AP Photo/Nick Wass
A Washington Redskins football helmet lies on the field during NFL football minicamp, Wednesday, June 18, 2014, in Ashburn, Va. The U.S. Patent Office ruled Wednesday, June 18, 2014, that the Washington Redskins nickname is "disparaging of Native Americans" and that the team's federal trademarks for the name must be canceled. The ruling comes after a campaign to change the name has gained momentum over the past year. (AP Photo/Nick Wass) The Associated Press
The U.S. Patent and Trademark Office has decided to cancel the trademark registration for the use of the name "Washington Redskins" on the grounds it is disparaging to native Americans.
The NFL team has come under fire in recent years for its use of a nickname that many people say is racist and insensitive.
"We decide, based on the evidence properly before us, that these registrations must be cancelled because they were disparaging to Native Americans at the respective times they were registered," the patent office said in a ruling Wednesday.
Despite its base in one of the smaller cities in the league, Washington's team is among the most popular in the NFL, and has been deemed the second-most valuable in the league in rankings by Forbes.
There has been a growing movement for the team to change its name, something the franchise and the NFL have resisted.
The patent office's decision does not preclude the NFL team from using the name. Rather, it simply means the organization no longer has the statutory right to register the trademark — which means the name can be used by anyone, including those who wish to mock the team or draw attention to what could be deemed as a racist name.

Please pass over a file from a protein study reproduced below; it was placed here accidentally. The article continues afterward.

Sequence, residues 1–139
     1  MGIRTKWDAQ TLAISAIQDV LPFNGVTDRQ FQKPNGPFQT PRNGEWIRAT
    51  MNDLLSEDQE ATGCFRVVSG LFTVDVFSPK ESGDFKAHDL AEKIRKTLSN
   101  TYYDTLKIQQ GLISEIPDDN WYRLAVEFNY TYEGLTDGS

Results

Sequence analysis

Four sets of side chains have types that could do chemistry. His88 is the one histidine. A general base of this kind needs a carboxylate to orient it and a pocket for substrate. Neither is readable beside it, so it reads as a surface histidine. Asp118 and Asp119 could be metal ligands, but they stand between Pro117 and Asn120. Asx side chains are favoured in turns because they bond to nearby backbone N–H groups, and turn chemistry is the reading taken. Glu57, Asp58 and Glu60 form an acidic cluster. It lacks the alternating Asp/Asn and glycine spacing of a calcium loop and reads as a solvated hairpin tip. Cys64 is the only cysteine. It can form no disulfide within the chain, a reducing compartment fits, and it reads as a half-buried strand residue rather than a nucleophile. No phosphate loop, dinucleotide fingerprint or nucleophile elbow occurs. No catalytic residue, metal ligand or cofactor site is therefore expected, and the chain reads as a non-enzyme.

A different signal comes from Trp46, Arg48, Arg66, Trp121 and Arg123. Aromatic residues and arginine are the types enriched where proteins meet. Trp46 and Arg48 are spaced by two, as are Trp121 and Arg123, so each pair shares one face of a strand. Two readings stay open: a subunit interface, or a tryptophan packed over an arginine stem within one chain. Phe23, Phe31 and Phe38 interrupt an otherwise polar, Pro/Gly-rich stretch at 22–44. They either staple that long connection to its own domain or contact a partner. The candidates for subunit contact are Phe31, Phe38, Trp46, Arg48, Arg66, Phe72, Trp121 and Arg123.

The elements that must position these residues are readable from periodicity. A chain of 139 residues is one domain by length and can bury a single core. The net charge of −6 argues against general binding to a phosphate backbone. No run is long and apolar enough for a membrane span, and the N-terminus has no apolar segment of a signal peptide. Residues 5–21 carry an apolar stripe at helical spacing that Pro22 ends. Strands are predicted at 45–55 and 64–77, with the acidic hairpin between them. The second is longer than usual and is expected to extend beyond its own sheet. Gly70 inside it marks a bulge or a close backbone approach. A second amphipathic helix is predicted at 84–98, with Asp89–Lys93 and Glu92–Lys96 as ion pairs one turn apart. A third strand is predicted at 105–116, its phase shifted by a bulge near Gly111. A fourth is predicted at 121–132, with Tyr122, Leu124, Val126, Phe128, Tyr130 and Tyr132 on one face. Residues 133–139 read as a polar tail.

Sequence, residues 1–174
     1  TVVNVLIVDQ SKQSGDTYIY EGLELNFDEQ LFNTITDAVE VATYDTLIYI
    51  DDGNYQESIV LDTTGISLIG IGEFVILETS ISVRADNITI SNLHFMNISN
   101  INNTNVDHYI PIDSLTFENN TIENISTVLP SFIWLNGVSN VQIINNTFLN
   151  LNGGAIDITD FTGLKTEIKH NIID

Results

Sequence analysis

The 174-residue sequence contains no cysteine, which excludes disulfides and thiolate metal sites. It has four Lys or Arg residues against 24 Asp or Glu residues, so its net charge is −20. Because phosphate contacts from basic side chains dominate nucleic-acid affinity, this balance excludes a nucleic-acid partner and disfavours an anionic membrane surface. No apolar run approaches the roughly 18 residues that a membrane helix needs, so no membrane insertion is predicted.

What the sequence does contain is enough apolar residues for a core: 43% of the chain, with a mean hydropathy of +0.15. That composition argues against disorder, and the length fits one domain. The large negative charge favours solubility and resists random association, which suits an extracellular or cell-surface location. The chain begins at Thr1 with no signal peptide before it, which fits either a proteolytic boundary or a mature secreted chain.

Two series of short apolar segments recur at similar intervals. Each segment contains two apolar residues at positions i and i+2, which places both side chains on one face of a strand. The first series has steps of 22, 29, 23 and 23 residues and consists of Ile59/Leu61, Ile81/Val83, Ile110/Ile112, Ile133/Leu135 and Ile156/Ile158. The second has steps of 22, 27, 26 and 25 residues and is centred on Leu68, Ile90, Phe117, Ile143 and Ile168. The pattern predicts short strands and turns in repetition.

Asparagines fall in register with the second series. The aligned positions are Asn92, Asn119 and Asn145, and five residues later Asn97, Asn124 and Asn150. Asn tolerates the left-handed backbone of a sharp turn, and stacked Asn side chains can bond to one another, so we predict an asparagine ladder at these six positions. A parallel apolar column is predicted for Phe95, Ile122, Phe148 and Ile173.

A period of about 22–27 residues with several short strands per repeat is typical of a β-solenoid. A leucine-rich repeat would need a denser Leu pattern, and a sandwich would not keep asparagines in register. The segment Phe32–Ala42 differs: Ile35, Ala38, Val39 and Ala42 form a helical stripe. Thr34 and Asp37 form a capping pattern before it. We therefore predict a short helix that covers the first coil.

The decision also:
- Limits the money the team and the league can earn from selling jerseys and other merchandise emblazoned with the name and logo.
- Strips the team of the rights to the term "Redskinettes," the nickname for its cheerleaders.
- Strips the team of sole use of the iconic image in the logo.
The ruling comes eight years after a group of native Americans,including Amanda Blackhorse, filed a suit against the team's use of the name.
"I am extremely happy that the [patent office] ruled in our favour,” Blackhorse said in a statement to progressive news website ThinkProgress.org.
“It is a great victory for Native Americans and for all Americans. We filed our petition eight years ago and it has been a tough battle ever since.
"I hope this ruling brings us a step closer to that inevitable day when the name of the Washington football team will be changed. The team’s name is racist and derogatory. I’ve said it before and I will say it again — if people wouldn’t dare call a Native American a ‘redskin’ because they know it is offensive, how can an NFL football team have this name?"
It's the second time the team has faced a challenge to its name along patent grounds, the last time dating back to 1992, when Suzan Harjo and six other native Americans filed suit.
The team lost that time, too, before the ruling was overturned on appeal. Just like last time, the Redskins could retain their trademark protection if they appeal and win.
The team had no immediate comment following the ruling, but Harjo said she was "thrilled and delighted" with the decision.
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